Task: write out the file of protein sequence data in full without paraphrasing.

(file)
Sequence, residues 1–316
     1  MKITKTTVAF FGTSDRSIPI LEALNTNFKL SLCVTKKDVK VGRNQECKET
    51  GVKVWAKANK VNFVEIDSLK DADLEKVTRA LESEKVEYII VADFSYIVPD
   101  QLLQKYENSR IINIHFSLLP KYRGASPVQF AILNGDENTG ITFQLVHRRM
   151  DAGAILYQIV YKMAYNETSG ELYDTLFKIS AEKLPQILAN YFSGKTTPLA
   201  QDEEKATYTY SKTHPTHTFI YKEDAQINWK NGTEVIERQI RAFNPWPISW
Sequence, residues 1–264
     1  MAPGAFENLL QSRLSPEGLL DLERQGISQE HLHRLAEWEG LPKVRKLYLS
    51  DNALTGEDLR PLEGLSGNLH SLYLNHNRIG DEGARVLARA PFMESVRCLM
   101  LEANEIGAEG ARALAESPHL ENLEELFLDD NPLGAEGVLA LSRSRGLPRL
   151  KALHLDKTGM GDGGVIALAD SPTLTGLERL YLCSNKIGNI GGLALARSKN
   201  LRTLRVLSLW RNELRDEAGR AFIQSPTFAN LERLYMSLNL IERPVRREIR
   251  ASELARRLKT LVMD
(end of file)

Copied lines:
Sequence, residues 1–316
     1  MKITKTTVAF FGTSDRSIPI LEALNTNFKL SLCVTKKDVK VGRNQECKET
    51  GVKVWAKANK VNFVEIDSLK DADLEKVTRA LESEKVEYII VADFSYIVPD
   101  QLLQKYENSR IINIHFSLLP KYRGASPVQF AILNGDENTG ITFQLVHRRM
   151  DAGAILYQIV YKMAYNETSG ELYDTLFKIS AEKLPQILAN YFSGKTTPLA
   201  QDEEKATYTY SKTHPTHTFI YKEDAQINWK NGTEVIERQI RAFNPWPISW
Sequence, residues 1–264
     1  MAPGAFENLL QSRLSPEGLL DLERQGISQE HLHRLAEWEG LPKVRKLYLS
    51  DNALTGEDLR PLEGLSGNLH SLYLNHNRIG DEGARVLARA PFMESVRCLM
   101  LEANEIGAEG ARALAESPHL ENLEELFLDD NPLGAEGVLA LSRSRGLPRL
   151  KALHLDKTGM GDGGVIALAD SPTLTGLERL YLCSNKIGNI GGLALARSKN
   201  LRTLRVLSLW RNELRDEAGR AFIQSPTFAN LERLYMSLNL IERPVRREIR
   251  ASELARRLKT LVMD